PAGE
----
This page is for the academic year 2021-22. The current handbook year is 2022-23
International Development and Education in a Global World
||Available in 2021/22
Excluded Combination of Modules
- This module aims to develop studentsâ€™ students knowledge and understanding of key issues related to globalisation and international development and the challenges and opportunities these offer for education. It provides an introduction to international development and comparative education, for students interested in learning more about education as an international issue. Students will consider why it is important to look beyond the nation state in the current context of globalisation and global inequalities, and will explore suitable research approaches and concepts for developing this perspective. Education is now central to the international policy agenda, as a core focus of the United Nations Sustainable Development Goal 4.0 and highly relevant to other areas (health, poverty eradication and environmental sustainability). This module will introduce students to the international policy agenda and related socio-political issues around education, globalisation and international development. It will allow students to develop a sound knowledge of the field of international development and education and reflect on educational issues within an increasingly mobile and globalised context. Students will develop critical understanding and analytical tools to understand educational issues in the Global North and the Global South.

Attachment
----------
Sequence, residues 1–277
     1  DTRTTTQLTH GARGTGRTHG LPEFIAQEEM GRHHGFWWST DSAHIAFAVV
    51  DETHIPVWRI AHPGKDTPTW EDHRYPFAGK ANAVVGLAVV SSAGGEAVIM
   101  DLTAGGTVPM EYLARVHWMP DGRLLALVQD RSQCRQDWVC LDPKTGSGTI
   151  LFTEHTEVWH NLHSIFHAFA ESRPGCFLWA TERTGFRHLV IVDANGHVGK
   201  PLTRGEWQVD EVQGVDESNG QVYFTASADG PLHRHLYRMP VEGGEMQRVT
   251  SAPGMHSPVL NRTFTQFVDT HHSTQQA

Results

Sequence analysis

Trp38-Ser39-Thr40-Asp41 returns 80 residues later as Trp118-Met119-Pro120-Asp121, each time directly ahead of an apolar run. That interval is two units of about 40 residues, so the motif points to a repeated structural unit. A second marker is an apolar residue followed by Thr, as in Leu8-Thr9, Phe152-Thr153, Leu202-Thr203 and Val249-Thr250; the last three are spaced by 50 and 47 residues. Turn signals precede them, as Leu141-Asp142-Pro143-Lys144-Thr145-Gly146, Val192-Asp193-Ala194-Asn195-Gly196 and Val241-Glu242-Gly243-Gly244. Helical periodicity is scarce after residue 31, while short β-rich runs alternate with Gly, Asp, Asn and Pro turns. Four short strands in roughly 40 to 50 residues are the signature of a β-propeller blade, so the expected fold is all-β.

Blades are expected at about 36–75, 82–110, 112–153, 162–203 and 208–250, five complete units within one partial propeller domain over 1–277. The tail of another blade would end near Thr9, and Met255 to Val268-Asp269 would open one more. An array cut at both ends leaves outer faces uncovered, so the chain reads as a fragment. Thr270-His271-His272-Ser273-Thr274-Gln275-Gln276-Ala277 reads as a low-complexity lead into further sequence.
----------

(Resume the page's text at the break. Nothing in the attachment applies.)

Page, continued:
- To introduce students to in-depth knowledge of concepts and issues linked to education and international development in a globalised world.
- To encourage students to read and reflect critically on the main contemporary challenges in providing quality education across the world, in particular in areas of poverty and deep inequalities.
- To present students with a range of perspectives to understand contemporary challenges faced by educational systems internationally, and the possibilities for improvement and positive change.